I doubt it was peer-reviewed in the blinded, structured peer-review sense. It was edited, but I doubt it was sent out for peer-review with rejection a possible outcome.

Unless MIT Press has changed its governance considerably, the project would have received blind peer reviews, the reviews been presented to the author, the author’s response to the reviews collected, and all attached to a publishing proposal prepared by a commissioning editor for final decision by the Editorial Board, composed of MIT faculty. Having worked under that governance, I can vouch that projects were rejected before and at the Board meeting on the basis of reviews. That’s not to say that the process was as rigorous as some journals’ double-blind review procedure, but it had rigor and teeth.

Then I stand corrected. Thanks. It only makes the parallel more complete, I’d add.

Definitely parallel, Kent, although I’d reiterate the concern about the viability of scholarly monographs per se. The situation for scholarly monographs in the humanities and social sciences appears more dire than that for those in the sciences. I suppose to complete the parallel: note that Peter Suber has an interesting analysis of why OA is harder to apply in the humanities and social sciences. See his website.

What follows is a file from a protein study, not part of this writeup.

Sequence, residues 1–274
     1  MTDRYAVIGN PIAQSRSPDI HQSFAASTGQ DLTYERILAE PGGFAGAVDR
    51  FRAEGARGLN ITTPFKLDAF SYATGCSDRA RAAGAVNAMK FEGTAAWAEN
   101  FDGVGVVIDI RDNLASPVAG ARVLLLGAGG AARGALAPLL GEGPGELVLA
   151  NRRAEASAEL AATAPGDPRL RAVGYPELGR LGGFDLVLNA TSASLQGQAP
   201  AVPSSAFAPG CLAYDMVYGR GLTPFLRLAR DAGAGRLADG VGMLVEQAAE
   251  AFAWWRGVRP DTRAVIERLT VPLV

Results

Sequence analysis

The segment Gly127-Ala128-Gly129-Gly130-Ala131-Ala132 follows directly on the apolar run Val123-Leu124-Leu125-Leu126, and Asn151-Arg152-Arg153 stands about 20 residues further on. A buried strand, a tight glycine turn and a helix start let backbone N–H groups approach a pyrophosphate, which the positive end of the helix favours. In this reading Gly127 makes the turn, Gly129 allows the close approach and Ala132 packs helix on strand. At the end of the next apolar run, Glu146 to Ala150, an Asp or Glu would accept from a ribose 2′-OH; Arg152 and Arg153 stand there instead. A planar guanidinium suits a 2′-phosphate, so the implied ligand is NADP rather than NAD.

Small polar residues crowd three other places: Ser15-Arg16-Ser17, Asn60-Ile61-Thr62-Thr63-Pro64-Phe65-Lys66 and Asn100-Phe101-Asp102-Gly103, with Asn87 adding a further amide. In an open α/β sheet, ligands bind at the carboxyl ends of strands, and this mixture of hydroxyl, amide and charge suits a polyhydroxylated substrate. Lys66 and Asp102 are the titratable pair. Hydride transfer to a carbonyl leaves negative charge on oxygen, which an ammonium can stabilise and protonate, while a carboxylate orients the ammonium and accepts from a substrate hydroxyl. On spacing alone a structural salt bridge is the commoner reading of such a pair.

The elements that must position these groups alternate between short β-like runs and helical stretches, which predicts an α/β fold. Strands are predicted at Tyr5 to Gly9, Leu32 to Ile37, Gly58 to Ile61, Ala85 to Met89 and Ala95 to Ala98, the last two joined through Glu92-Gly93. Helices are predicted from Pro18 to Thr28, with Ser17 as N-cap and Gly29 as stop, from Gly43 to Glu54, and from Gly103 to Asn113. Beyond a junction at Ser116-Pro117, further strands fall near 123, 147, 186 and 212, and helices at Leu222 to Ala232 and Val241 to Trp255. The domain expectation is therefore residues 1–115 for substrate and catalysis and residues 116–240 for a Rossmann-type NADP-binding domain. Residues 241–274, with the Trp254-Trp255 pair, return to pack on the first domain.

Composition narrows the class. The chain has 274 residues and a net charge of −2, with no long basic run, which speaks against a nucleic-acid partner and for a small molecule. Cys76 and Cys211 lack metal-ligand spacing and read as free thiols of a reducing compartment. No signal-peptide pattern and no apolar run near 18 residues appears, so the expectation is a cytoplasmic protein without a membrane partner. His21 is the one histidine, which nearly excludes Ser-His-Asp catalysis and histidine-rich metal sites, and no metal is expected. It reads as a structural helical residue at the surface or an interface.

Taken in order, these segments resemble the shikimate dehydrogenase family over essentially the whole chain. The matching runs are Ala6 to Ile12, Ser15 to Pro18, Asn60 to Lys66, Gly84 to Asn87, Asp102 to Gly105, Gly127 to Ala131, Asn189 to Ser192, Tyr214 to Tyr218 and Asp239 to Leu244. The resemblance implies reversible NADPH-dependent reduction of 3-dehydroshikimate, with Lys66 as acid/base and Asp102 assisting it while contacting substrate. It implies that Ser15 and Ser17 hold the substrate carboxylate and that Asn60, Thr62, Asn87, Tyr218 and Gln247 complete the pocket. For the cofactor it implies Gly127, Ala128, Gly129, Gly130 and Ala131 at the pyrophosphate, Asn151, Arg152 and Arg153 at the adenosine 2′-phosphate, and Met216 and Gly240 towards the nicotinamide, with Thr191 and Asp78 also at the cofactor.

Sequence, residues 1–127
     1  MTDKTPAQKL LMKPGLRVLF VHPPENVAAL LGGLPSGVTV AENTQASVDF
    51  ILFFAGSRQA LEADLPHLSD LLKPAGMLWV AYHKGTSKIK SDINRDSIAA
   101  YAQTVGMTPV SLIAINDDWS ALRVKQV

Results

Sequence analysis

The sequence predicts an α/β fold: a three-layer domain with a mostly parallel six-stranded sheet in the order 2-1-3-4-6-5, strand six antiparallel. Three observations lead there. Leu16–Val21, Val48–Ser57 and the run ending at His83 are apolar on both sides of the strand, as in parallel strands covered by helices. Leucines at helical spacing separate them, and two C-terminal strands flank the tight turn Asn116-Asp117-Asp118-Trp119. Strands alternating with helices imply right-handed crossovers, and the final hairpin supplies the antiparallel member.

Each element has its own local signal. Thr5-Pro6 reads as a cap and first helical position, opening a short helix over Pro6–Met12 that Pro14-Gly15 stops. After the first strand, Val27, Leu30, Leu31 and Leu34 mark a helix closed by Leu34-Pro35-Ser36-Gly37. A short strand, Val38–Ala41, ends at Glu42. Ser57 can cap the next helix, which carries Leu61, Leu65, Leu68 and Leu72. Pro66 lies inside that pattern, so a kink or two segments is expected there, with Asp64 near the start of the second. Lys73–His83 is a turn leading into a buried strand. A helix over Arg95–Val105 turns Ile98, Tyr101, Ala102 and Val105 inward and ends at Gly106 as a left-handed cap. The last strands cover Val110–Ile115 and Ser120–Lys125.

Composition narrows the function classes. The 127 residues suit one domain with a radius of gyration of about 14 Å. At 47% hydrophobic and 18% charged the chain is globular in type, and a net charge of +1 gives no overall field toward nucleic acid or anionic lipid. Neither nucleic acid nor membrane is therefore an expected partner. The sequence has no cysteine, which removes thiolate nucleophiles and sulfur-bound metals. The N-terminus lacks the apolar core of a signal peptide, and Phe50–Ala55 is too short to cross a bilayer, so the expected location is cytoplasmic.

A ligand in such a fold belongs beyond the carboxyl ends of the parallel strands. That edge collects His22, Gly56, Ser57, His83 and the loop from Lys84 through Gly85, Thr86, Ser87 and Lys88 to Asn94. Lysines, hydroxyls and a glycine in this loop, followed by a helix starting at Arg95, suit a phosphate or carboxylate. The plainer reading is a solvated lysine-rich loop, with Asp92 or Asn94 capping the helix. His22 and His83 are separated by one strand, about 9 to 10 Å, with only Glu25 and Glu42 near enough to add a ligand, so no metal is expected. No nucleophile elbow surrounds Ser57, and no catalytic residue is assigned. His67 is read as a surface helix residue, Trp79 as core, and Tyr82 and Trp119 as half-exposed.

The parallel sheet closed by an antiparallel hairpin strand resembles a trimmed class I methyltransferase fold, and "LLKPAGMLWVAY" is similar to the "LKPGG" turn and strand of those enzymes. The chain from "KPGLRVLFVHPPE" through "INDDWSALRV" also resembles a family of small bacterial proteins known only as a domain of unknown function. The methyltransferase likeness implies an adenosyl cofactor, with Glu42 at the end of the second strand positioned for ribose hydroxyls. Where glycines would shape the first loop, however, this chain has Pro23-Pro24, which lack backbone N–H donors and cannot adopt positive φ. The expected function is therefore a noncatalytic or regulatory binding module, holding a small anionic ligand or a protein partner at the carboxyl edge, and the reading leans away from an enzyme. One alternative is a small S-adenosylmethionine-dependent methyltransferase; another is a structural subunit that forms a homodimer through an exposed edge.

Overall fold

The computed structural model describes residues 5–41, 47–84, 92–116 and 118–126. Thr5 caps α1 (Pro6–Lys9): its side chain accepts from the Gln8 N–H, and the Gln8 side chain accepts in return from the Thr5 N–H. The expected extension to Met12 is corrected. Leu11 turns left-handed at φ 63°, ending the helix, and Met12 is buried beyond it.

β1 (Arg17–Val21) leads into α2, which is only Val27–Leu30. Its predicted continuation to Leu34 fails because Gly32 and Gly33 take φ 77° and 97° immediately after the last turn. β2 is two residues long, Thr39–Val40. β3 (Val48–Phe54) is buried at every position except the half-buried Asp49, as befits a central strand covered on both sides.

Your last sentence suggests that you think there was something immoral in what Hindawi and Suber have done, in favoring sustainability. What Hindawi is doing has many parallels in scholarly book publishing, where books are commissioned all the time to help promote a book series or an entire publishing program to help make it an attractive place for other authors to publish. As for Suber, I’m sure he would have preferred full OA publishing of his book on point of first publication, but he got the best deal he could from MIT Press (which, by the way, has published some books fully OA to begin with, such as its famous “City of Bits”). The payoff for Suber is not just a modest royalty, however, but much more importantly the likelihood of having his ideas given a more formal review in the form of a book, rather than just comments on blog postings. (I might just volunteer to review the book for The Journal of Scholarly Publishing, for example.) No doubt you detect a hint of hypocrisy in Suber’s not holding out for full OA immediately, but I would myself be loath to label this as in any way immoral. Speaking of hypocrisy, by the way, i find this much more on display in Seth Godin’s using Kickstarter to raise $90,000 for his new book (when he only needed $40,000) and then planning to work out a deal with a regular publisher presumably paying him a nice advance and royalties, thus milking the revenue stream at both the front and back ends of the publishing process. Godin talks a lot about the bankruptcy of traditional publishing models. If this is what he envisions as the future of publishing, God help us all! It’s the same kind of vision that Robert Maxwell had in capitalizing on STM journal publishing.

I approve of sustainability. I think it often blunts morality. I was merely pointing out that their compromises exist, and mean something.